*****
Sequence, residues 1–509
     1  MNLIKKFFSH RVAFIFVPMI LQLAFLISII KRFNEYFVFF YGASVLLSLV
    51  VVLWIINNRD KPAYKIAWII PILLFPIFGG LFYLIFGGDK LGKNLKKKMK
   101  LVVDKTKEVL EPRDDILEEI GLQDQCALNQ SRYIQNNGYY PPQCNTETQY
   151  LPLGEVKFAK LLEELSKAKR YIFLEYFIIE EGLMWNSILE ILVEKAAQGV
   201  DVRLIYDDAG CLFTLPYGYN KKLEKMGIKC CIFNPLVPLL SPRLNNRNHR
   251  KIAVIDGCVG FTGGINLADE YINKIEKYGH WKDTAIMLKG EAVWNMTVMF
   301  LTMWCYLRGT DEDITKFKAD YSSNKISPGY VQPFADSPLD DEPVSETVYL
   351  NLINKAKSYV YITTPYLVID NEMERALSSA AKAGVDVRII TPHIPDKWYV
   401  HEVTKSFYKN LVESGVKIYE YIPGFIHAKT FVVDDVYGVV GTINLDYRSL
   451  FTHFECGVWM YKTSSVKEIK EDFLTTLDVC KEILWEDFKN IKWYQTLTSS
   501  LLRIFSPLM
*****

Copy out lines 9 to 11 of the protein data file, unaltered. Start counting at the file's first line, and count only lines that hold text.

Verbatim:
   351  NLINKAKSYV YITTPYLVID NEMERALSSA AKAGVDVRII TPHIPDKWYV
   401  HEVTKSFYKN LVESGVKIYE YIPGFIHAKT FVVDDVYGVV GTINLDYRSL
   451  FTHFECGVWM YKTSSVKEIK EDFLTTLDVC KEILWEDFKN IKWYQTLTSS